In our personal encounters, too, we have ‘theories’ about how the world works and how other people think and act. Often, too, we simply our perceptions into those things and people, foods, movies and music, activities and travel destinations that we “like” or “dislike” depending on what is usually highly superficial and often anecdotal perceptions (theories) of others. An d depending on whether or not we “trust” those sources, we “germinate” our own theories (calling them perceptions, attitudes, feelings and impressions. And while they are unique to each of us, they are not intended to approximate a truth that can be said to be universal, or even wide spread. Between partners, too, for example, select questions like “Does this make me look fat?” asked by the female in a relationship evoke a highly nuanced reply, if the male intends to retain the respect of his inquirer. “You look very nice!” suffices in almost all instances. Similarly, if a man asks his partner if he is looking “old” or “haggard” or “too heavy” he is likely expecting (and certainly hoping) to hear, “Not to me!” or some other equally ambiguous non-answer.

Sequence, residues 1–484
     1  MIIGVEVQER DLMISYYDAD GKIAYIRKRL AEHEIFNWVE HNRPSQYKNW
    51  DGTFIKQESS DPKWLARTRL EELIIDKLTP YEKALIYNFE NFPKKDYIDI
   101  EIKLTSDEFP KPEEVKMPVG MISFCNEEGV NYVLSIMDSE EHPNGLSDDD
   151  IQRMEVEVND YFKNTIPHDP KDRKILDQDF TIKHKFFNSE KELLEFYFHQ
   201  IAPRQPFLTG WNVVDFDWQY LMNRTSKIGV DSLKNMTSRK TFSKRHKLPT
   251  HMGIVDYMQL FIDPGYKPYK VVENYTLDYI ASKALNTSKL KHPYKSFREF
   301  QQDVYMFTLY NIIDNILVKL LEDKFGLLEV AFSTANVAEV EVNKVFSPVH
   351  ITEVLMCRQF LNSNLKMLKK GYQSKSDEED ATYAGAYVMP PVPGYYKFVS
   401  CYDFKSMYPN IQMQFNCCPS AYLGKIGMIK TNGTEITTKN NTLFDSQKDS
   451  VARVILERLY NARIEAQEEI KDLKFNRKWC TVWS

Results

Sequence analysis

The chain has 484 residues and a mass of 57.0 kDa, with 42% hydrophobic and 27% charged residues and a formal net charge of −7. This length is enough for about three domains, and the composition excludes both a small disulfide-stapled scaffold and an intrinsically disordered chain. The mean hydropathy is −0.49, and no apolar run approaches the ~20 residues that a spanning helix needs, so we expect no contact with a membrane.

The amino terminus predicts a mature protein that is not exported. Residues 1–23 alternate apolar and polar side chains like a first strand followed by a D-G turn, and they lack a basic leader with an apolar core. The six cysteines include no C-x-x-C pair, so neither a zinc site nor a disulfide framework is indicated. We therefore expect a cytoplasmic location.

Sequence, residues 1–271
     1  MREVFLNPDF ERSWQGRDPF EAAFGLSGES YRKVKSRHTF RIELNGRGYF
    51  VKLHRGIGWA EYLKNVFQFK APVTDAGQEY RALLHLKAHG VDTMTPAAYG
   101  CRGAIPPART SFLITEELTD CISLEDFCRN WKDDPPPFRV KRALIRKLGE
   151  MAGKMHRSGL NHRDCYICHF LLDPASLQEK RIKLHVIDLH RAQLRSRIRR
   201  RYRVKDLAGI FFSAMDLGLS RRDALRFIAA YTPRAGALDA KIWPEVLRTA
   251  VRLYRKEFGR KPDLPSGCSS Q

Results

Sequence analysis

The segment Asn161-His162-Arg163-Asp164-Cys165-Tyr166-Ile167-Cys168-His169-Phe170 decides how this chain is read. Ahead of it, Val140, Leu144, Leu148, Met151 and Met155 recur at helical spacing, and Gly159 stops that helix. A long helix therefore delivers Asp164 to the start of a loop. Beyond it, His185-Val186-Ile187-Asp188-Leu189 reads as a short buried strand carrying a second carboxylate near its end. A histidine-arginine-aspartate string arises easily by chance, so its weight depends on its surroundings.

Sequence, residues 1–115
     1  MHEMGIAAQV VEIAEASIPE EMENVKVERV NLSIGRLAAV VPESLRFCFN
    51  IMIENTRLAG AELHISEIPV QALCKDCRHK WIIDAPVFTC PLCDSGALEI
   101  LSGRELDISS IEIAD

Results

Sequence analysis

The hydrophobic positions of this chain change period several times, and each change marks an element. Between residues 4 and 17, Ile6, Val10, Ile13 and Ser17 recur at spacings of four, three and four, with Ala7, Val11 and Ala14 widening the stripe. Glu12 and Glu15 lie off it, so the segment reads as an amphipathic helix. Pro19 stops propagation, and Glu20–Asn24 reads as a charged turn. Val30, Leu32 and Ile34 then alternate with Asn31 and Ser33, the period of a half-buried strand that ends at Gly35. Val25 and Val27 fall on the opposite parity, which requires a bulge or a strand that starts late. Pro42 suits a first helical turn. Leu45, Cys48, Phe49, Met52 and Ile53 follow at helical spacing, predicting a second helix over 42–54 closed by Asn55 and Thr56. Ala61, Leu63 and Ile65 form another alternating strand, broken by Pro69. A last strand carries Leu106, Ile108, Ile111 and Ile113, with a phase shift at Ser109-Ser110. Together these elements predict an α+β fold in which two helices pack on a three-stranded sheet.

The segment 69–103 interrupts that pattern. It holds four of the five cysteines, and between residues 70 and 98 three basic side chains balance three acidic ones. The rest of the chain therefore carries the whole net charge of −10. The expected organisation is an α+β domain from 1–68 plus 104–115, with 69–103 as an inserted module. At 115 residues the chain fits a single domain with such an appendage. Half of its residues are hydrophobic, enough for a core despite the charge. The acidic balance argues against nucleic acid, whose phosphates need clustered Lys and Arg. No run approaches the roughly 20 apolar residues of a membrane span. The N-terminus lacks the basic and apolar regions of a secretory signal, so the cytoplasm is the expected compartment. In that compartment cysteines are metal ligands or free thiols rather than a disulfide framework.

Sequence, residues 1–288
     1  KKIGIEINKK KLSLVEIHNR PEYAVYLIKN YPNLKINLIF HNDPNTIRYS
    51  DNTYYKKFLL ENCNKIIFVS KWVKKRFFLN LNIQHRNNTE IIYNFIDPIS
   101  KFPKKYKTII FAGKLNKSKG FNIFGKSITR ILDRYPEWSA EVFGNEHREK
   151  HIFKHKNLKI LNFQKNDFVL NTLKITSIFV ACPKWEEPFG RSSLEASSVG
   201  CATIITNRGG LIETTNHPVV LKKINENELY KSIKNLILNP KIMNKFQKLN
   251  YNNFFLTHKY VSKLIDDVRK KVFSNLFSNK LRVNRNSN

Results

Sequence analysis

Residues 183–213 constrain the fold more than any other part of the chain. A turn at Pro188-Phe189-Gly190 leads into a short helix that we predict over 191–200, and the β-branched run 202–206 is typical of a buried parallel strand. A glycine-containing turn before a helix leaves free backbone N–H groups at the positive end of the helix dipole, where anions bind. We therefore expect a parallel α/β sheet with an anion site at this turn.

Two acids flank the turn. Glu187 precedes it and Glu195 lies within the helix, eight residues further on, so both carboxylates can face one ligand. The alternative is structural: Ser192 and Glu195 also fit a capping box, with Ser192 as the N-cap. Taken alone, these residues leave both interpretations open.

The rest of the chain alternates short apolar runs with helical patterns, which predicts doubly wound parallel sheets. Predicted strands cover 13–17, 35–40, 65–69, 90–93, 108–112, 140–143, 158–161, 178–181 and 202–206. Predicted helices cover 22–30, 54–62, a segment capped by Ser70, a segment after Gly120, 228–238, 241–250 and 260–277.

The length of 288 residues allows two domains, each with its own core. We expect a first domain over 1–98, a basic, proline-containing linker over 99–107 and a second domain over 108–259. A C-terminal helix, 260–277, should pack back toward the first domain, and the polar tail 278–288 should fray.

We do like to think our “feelings” are absolute truths, worthy of the utmost respect and honour from our colleagues, as if our sensibilities could generate only “true” emotions. And, of course, our memories are also “infallible” in that they generate only “true” dissertations of events from our past. Truth be told, our feelings, fleeting and changeable as they are, and memories, tepid and “impressionist” as they have to be, have a ‘ring’ of truth, but leave out and exaggerate elements depending on our “emotional memory” of the incident, whether or not it was a personal direct experience, or second hand, as from a book, or from a repeated story by another.